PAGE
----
Calf Muscle Strength.. or weakness!?

Calf pain presents at one time or another for runners and along with the dreaded ‘runner’s knee’ is common, frustrating and there are a variety of causes and treatments. Calf pain is often severe, building up into a cramp like feeling and can cause a runner to stop up and pull out of their training session. It also settles rapidly on cessation of running. Clients commonly tell me that their calf feels ‘tight’.

Soleus Muscle
Soleus Muscle

On examination tightness or muscle length may not be the issue! One observation I have made over the years is that the soleus is shown to be weak in comparison to its thinner gastrocnemius muscle. As you read in my previous blog on CALF LENGTH, the soleus is one of the two major calf muscles, deeper and lower than the gastrocnemius. To assess if your calf is tight or not try this:

Knee to wall test. See how far you can move the foot away from wall and still touch the knee to the wall and keep your heel on the ground. Knee over 2nd toe. Measure distance from big toe to wall.

Knee to Wall Test
Knee to Wall Test

Generally anything less than 12 cm is short. It is best to have someone experienced to test this as incorrect foot position can give a false reading.

If you are ‘tight, i.e less than 12cm from the wall – try the exercises in my previous blog on calf length. If you are ok on calf length the key I have found to treat runners calf pain is height achieved during a calf raise. Weakness is evident when it is difficult for runners to push up and lift their heels as high as possible or if fatigue sets in more rapidly on one leg than the other. Try this:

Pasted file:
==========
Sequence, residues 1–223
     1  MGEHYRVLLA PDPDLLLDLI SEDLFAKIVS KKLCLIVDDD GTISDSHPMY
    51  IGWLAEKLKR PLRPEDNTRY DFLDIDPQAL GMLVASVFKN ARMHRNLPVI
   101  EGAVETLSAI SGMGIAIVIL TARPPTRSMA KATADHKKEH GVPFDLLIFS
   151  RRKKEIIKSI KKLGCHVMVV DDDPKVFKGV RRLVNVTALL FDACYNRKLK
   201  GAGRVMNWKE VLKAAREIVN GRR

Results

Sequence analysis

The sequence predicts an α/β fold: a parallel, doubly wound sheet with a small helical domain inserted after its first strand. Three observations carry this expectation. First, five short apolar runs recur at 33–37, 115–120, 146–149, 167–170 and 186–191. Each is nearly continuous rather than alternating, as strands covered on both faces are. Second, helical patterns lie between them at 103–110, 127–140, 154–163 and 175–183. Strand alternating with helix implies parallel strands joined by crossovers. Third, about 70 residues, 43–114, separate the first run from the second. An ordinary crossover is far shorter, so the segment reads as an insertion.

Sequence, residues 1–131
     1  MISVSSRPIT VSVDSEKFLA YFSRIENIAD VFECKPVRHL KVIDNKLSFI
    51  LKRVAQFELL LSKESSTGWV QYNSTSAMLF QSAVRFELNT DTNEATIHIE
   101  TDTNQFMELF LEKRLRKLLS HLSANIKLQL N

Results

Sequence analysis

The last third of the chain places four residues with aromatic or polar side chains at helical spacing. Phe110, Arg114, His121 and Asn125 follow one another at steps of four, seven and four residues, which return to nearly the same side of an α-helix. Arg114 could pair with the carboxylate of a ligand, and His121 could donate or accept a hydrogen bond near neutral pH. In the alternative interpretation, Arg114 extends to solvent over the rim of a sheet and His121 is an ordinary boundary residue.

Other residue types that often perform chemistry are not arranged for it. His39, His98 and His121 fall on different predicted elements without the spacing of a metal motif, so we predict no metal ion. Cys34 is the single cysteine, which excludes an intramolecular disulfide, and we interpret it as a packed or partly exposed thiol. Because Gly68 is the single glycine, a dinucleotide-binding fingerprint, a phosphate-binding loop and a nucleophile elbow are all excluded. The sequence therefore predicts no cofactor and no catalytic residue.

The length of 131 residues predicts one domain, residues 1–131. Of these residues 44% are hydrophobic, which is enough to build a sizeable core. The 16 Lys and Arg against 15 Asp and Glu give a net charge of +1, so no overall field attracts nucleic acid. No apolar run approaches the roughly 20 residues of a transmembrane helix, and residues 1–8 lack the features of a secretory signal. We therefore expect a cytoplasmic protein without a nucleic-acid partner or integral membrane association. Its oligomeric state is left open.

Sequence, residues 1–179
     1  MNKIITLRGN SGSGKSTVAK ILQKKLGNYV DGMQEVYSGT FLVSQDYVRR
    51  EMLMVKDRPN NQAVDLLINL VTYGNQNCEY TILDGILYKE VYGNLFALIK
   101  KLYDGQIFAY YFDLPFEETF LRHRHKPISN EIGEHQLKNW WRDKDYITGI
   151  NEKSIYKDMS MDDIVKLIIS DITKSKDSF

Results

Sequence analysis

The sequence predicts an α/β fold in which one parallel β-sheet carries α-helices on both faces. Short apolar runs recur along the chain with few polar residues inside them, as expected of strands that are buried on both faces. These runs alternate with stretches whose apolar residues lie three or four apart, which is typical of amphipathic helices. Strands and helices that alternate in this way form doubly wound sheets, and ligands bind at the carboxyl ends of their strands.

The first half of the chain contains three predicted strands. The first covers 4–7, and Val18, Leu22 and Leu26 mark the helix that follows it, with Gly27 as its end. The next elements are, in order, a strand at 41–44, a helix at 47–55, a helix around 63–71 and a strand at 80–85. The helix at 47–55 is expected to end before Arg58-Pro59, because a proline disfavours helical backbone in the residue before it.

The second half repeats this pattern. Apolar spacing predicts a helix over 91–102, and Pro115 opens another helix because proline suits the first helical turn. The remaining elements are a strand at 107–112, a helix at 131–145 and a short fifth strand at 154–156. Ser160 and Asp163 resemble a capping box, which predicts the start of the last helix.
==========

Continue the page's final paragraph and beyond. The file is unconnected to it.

Heel Raise Test: A runner should be able to do 20-30 repeated single leg calf raises, managing an equal amount on both sides.

Heel Raise
Heel Raise

If there is a weakness or difference between sides it might be time to start strengthening. Here’s a sample exercise:

Stand on the weaker leg. Start with bent knee (to activate soleus). Raise heel to max height.

Push through ball of foot. Aim to extend (straighten) your knee at the highest point of the exercise.

Alternatively keep the knee bent throughout. Try 10-15 with good technique and repeat 3 times with a break of 2 mins between sets. Repeat this cycle twice a day 12 hours apart.

Significant strength changes take around 6-8 weeks.

I have been a follower of Tom Goom, a specialist Running Physio in the UK for some time. In the words of Roy Keane, credit where credit is due, check out his article for much more detail on calf strength

Don’t forget calf pain isn’t always solely related to your calf muscle! Nerves, joints, circulation all play havoc in the area so as always, if in doubt, consult your physiotherapist. The above are sample exercises and are not suitable for every calf injury. Eccentric Calf raises, i.e. doing this exercise dropping the heel off a step before raising it has been shown to improve tendon properties which we will look into in further posts.